In terms of organization in 1980, the event that billed itself as “The Original Marathon” came nowhere near the level of organization of other road races around the world. Races over the classical course had reemerged only in the 1970s, organized more by travel agents than by sports officials. At various times, there was an Athens Marathon in the spring and another in the fall, and it almost seemed that if you were capable of attracting several dozen tourists willing to run the course, someone in Greece would organize a race around you and call it a marathon.

I knew this so did not take my participation in that year’s Athens Marathon too seriously. Sometimes indifference is the best weapon a marathoner can have when achieving a peak performance. You don’t seek that performance; you let the performance seek you. I arrived in Athens in top shape, actually faster at the time of my second visit to Greece than my first, averaging 100 miles a week as I looked several months forward to a marathon at the World Masters Championships in Christchurch, New Zealand, where I would place first in my age group. Thus, to me, Athens was more a long training run than a call to serious competition. That attitude, more than anything else, caused me to float the first 20 miles of the course, indifferent to the faster pace of others and not bothered by the weather, typically still warm in that part of the Mediterranean. That attitude also brought me to the top of the final hill not yet bloodied, still full of running, and with a downhill run to the finish line a half-dozen miles away in Panathinaiko.

Let’s have fun, I thought to myself. In the killing zone, where in too many of my previous marathons I had become unglued, I found what might be described as a second wind. My stride lengthened so as to take advantage of the downhill. My legs and arms moved smoothly in synchronization. My breathing was that of a zephyr. My chin lifted ever so slightly to allow my gaze to rise from the pavement below to the line of runners strung out along the road in front of me. I knew that they would not be able to match my newfound speed. They would be caught. They would be passed.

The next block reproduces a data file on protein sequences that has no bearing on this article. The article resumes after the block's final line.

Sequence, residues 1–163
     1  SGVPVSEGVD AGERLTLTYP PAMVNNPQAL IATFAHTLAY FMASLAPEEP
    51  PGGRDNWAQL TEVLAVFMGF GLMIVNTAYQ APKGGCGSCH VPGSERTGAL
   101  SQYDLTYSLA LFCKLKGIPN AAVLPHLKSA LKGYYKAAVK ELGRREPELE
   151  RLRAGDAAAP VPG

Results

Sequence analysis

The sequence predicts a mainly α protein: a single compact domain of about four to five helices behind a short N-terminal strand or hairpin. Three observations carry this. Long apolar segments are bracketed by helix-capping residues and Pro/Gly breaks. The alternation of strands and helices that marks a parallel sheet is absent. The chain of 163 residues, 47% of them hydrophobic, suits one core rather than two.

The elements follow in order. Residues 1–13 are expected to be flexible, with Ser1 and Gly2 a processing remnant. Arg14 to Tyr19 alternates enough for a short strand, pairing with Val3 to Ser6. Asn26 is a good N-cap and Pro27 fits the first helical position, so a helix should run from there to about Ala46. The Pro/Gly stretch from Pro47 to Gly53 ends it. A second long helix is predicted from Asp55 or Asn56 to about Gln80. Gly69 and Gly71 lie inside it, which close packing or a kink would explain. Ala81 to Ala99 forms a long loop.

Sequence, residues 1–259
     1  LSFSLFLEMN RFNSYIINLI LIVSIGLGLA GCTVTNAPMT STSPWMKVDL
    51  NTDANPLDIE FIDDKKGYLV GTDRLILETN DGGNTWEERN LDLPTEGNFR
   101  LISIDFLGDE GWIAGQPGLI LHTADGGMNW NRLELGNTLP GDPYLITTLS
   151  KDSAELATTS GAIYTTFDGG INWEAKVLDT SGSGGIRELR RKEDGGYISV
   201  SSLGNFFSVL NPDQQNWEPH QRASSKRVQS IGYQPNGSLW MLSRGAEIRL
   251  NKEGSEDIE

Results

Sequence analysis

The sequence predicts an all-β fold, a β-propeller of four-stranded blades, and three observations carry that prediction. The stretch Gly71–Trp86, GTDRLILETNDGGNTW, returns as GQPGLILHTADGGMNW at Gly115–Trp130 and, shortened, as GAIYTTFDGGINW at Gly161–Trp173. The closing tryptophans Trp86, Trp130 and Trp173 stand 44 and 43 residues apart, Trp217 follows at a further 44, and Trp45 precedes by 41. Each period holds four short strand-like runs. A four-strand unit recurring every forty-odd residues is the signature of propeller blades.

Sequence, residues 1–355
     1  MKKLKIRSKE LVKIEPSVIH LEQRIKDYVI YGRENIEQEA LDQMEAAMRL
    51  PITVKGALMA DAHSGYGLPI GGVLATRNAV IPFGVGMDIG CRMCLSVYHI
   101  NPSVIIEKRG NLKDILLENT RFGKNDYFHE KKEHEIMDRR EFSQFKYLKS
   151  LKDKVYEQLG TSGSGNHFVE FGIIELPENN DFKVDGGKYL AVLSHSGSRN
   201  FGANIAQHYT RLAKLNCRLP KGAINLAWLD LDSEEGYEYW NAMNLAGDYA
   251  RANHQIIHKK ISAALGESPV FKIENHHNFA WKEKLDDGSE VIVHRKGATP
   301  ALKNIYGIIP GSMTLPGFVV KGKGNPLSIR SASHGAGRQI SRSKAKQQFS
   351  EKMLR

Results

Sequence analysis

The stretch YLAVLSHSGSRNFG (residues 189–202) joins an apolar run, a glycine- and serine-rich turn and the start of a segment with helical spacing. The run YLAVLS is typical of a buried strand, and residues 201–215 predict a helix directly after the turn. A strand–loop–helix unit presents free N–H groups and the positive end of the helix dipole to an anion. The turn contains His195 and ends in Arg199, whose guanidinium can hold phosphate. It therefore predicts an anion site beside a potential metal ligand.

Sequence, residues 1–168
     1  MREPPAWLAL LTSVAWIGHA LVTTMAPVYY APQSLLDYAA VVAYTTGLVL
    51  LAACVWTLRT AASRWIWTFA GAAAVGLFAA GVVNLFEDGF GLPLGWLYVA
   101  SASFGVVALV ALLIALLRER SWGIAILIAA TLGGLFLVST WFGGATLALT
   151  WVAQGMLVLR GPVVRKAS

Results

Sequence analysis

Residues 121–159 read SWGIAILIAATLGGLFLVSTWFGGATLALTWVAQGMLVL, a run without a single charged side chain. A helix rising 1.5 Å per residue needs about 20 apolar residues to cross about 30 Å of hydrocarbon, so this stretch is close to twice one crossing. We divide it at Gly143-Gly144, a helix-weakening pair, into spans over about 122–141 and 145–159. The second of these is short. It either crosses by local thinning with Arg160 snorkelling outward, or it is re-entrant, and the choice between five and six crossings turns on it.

Dead meat!

Running with the gods

Considering the fact that a more important marathon had been the focus of my training for more than a year, common sense should have dictated that I continue my “float,” that I cruise into Athens at a gentle pace, that I not tempt the fate of Pheidippides by increasing my speed. But a check of my watch suggested that even the slightest improvement in pace might bring me to the finish line under three hours. Did I realize that this would bring me to Panathinaiko in a time faster than that of Spiridon Louis? Probably not. I was not motivated by time; it was more that I wanted to run fast and feel the breath of the Anemoi, the Greek wind gods, in my hair.

Unable to resist temptation, I shifted gears from third to fourth (or maybe to fifth) and found myself easily passing runners whose early pace had been dictated by goals loftier than mine. One by one I slid past them, running possessed, running outside my body. In 2004, I would watch TV transfixed as Meb Keflezighi and Deena Kastor ran over the same ground in the closing miles of the Olympic Marathon, about to secure, respectively, silver and bronze medals. Was their out-of-body experience the same as mine? I suspected so. Only the recorded time and level of fame were greater. Even the slowest among marathoners are capable of equal achievements when the gods, Greek or otherwise, bless their efforts. This is one of the great appeals of the marathon: in the 26 miles, 385 yards of pavement we touch with our footsteps, we are all equals when it comes to maximizing our talents. On that day in 1980, I finished 16th overall, my time recorded in my diary as 2:50e, the “e” standing for “estimated,” suggesting that nobody at the finish line was paying too much attention.